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    Introduction
    Materials and Me...
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ORIGINAL ARTICLE
Year : 2003  |  Volume : 69  |  Issue : 1  |  Page : 32-34

Hepatic involvement and hepatitis B surface antigen (Hbs Ag) in leprosy


Department of Skin & STD, JNM Medical College, Raipur - 492 001, Chattisgarh

Correspondence Address:
Katora Talab, Raipur - 492 001

   Abstract 

Hepatic involvement and hepatitis B surface antigenemia was studied in 80 leprosy patients and results were compared with 50 normal healthy controls. HbsAg was detected in 7.54% of lepromatous leprosy patients as compared to 2% of the normal healthy controls. There was a decrease in albumin and increase in globulin levels with significant decrease in A: G ratio. SGPT levels were significantly raised in lepromatous leprosy patients. Histopathological changes were present in 57.1 % of lepromatous leprosy and 23.8% of tuberculoid leprosy patients.

How to cite this article:
Nigam P K, Gupta G B, Khare A. Hepatic involvement and hepatitis B surface antigen (Hbs Ag) in leprosy. Indian J Dermatol Venereol Leprol 2003;69:32-4


How to cite this URL:
Nigam P K, Gupta G B, Khare A. Hepatic involvement and hepatitis B surface antigen (Hbs Ag) in leprosy. Indian J Dermatol Venereol Leprol [serial online] 2003 [cited 2020 Nov 24];69:32-4. Available from: https://www.ijdvl.com/text.asp?2003/69/1/32/5818



   Introduction Top

Liver is the most frequently affected visceral organ in leprosy particularly in the multi­bacillarytype.[12] Administration of hepatotoxic drugs may further deteriorate the liver functions.[2] Therefore monitoring of liver function tests (LFT) is very important to assess the metabolic status of the liver before administration of MDT. Several investigators have reported an increased prevalence of hepatitis B surface antigen (HbsAg) in patients with lepromatous leprosy[3],[4] (LL) attributed either to the genetic susceptibility[3] or to the impaired cell mediated immune response[4] of the leprosy patients. Besides this, other investigators found no increase in the prevalence of HbsAg in LL patients as compared to patients with tuberculoid leprosy or normal healthy individuals[5] suggesting that the prevalence of HbsAg in leprosy patients simply followed the pattern prevalent in normal healthy population in that environment. Lenka et al,[6] reported small but significant rise in SGPT levels in patients of LL with HbsAg as compared to those without antigen indicating a form of chronic anicteric hepatitis.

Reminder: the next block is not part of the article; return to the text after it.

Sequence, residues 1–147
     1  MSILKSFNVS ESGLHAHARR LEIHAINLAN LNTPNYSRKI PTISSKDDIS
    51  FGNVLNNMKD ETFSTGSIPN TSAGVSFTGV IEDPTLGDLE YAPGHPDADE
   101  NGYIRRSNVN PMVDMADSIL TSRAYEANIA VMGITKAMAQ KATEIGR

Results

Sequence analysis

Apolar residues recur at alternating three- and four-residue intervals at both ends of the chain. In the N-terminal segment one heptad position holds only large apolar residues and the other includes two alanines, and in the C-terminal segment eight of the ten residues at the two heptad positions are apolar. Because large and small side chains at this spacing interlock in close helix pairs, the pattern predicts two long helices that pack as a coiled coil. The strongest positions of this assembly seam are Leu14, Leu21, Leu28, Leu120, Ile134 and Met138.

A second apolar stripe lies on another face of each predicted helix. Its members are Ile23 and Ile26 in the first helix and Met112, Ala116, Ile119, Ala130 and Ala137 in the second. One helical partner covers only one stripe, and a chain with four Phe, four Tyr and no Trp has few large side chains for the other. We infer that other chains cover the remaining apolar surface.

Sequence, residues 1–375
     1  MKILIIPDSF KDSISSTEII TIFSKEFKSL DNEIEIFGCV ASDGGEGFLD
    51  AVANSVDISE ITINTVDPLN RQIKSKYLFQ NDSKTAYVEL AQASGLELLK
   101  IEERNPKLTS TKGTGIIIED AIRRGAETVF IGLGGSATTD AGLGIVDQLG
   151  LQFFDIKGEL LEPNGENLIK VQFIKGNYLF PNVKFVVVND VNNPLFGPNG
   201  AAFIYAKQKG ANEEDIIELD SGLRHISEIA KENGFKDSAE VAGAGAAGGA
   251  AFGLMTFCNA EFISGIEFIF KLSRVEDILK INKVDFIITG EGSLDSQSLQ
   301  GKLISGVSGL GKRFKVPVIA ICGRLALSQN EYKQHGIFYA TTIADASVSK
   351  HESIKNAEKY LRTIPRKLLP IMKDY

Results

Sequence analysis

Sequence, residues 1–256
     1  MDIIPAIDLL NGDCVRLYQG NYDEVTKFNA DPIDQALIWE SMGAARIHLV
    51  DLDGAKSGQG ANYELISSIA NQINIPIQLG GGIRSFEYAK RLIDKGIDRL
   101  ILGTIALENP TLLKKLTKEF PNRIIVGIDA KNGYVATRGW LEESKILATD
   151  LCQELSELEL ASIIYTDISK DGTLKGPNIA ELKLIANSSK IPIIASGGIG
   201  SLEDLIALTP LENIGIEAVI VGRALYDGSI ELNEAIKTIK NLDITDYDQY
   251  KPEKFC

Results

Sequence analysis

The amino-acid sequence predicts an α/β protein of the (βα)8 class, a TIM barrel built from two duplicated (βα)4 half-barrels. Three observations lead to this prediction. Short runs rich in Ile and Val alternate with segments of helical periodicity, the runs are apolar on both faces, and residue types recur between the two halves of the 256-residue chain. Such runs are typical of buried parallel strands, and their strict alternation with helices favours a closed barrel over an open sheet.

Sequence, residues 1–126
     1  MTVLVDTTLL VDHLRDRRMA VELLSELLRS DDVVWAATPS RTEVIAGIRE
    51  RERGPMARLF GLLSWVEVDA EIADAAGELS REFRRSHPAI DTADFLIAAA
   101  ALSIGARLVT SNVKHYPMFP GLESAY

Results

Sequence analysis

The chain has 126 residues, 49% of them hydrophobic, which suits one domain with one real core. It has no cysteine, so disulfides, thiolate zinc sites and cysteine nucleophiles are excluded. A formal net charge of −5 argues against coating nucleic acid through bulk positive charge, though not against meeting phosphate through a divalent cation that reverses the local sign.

The present study was undertaken to detect the incidence of Australia antigen and evaluated the hepatic status by studying the various liver function tests and histopathological examination of leprosy patients.

   Materials and Methods Top

Eighty leprosy patients attending the skin and leprosy department of Pt. J.N.M. Medico College and leprosy hospital, Raipur were randomly selected and classified according tc criteria of Ridly and Jopling.[7] These patient consisted of 53 cases of lepromatous leprosy (42 males, 11 females) (Group II), 24 cases o tuberculoid leprosy (11 males, 13 females) (GrouF III), and 3 cases of borderline leprosy (Group IV) Fifty normal healthy individuals (32 males, 1f females) (Group I) without any past history a jaundice served as control.
HbsAg was detected b) immunoelectrophoresis method.[8] LFT includec serum proteins, bilirubin, SCOT, SGPT, alkalinE phosphatase, and cholesterol by the methods o Wooten.[9] Bleeding time, clotting time anc prothrombin time were also measured. Livei biopsy was performed using Vim Silverman's needle.

   Results Top

The range of the values (with mean value in parenthesis) of total serum proteins (TSP) gm/ dl), serum bilirubin (mg/dl), SGOT (I.U./L), alkaline phosphatase (K.A. unit/dl), cholesterol (mg/dl) are shown in [Table - 1].

   Discussion Top

An interesting association betweer HbsAg and leprosy has been reported by various workers.[3],[9] Although, by and large, the infectior is believed to occur by parenteral transmission, c faeco-oral contamination by hepatitis B virus car not be ruled out as most of the leprosy patients belong to the lower socio-economic groups Besides this, leprosy itself could act as or immunosuppressant and give way to further lodgement of HBV resulting in the carrier state." After infection with HBV, the first virologic market detec[Table - 1] serum is HbsAg.[12]
In our study, the incidence of HbsAg it normal healthy controls was 2% and is it accordance with the incidence of HbsAg in norma population in different studies from our country.[13],[14]